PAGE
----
Guests: Malcolm Hoenlein, Conference of Presidents, & Lee Smith, Weekly Standard senior editor and author of, The Strong Horse: Power, Politics, and the Clash of Arab Civilizations. Richard A Epstein, Hoover Institution, Chicago Law.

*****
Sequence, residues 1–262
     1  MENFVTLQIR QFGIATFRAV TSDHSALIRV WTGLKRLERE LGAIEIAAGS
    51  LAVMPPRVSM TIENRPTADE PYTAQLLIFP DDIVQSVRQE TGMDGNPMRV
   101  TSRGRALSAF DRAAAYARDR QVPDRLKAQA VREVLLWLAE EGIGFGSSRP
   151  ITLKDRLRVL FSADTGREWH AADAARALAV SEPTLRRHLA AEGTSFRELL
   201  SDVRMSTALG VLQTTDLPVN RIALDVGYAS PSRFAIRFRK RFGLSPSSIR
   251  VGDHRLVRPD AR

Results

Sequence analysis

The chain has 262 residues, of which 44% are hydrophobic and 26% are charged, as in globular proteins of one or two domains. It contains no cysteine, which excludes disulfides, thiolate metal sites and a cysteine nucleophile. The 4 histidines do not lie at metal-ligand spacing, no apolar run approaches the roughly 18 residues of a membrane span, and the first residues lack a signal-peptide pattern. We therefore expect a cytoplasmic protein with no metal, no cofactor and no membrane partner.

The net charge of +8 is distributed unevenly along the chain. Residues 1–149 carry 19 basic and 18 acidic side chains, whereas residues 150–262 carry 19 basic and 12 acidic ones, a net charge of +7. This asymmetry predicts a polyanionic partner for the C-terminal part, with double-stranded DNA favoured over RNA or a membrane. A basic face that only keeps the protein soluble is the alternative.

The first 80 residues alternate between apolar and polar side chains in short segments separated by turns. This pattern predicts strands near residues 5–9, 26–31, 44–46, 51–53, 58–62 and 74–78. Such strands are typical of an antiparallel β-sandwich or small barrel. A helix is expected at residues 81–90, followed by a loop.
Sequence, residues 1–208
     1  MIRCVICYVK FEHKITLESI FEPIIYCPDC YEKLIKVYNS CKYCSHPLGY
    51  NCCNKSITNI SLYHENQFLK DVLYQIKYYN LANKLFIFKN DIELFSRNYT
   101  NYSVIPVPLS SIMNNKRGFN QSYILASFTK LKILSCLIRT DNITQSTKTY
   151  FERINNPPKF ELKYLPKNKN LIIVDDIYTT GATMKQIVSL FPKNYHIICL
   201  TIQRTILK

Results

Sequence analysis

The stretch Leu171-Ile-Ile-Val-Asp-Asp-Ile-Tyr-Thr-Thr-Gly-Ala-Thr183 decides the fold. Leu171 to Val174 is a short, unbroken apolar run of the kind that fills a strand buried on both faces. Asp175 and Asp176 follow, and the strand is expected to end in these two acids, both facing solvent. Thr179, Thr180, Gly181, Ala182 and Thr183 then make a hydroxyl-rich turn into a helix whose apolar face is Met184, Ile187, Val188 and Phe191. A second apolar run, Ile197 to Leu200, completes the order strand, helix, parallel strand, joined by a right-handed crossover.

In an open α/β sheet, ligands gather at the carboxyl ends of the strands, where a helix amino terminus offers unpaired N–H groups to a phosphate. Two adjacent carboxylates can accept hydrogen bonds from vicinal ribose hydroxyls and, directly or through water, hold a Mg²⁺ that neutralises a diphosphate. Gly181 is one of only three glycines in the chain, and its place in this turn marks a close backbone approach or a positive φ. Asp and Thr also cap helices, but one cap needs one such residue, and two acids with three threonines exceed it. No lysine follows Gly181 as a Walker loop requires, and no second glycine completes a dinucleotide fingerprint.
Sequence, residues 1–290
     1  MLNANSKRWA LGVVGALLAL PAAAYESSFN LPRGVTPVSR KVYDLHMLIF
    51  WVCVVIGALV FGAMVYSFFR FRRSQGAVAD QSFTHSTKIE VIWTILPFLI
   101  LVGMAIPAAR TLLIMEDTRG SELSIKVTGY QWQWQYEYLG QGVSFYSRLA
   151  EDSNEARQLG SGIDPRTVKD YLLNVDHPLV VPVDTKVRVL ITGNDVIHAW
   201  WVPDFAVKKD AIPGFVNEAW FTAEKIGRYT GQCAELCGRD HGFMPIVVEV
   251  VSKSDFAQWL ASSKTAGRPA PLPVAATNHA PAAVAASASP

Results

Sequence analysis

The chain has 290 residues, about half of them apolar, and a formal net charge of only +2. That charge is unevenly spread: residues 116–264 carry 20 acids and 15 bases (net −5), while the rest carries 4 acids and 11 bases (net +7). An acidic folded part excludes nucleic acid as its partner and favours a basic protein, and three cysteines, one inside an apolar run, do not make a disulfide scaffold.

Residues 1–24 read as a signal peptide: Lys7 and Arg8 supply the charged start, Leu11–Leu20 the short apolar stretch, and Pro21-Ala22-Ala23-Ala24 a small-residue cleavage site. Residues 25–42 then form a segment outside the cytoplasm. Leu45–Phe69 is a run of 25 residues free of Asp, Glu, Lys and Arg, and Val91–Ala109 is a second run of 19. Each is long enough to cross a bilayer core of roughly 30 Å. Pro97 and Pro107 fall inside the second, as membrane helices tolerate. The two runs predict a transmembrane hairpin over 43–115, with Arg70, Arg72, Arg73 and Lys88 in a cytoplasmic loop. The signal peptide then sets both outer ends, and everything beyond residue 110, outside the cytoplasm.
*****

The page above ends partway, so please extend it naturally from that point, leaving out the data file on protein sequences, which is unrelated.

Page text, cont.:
Wednesday 3 July 2013 / Hour 3, Block A: Malcolm Hoenlein, Conference of Presidents, & Lee Smith, Weekly Standard senior editor and author of, The Strong Horse: Power, Politics, and the Clash of Arab Civilizations; in re: military coup in Cairo – confirmed that Egypt's first democratically elected president is out, the head of he Supreme Court has been installed. The threat is that this is the largest democratic state to have a coup since WWII. "Is this the new Nasser?" No – he holds no nationalist ideology, speaks of process to get past the current crisis; held in high regards suddenly now, but he's not expected to play the public role that Nasser did. Egyptian meltdown. War with Israel is a serious possibility in the future. Whatever technocrats the SCAF puts in power will not be able to manage that Mursi could not. The problem is not Mursi, the problem is Egypt. Downward spiral, economy near ruin, out of food stocks and staples; tanks moving, army owns 30% of the economy and has a lot to protect. Erdogan in Turkey blames the Jews, blames anyone; cd happen n Egypt. The army allowed the anti-Mubarak coup, and Tantawi was totally outmanoueuverd by the Muslim Brotherhood. Now the army takes charge – to do what? You don't have to be a Muslim Brotherhood supporter to think this is outrageous. The US elite supports calls whenever the people go into the streets; OK, fine. The army itself did enjoy broad-based support, was symbol of natl unity; not today,. No backstop. Saw he Saudi king congratulate Egyptians Qataris put $4bil loan plus more; what'll the new Qatari leadership do? Egyptian army lined up al Jazeera reporters paid by Qatar and took them off.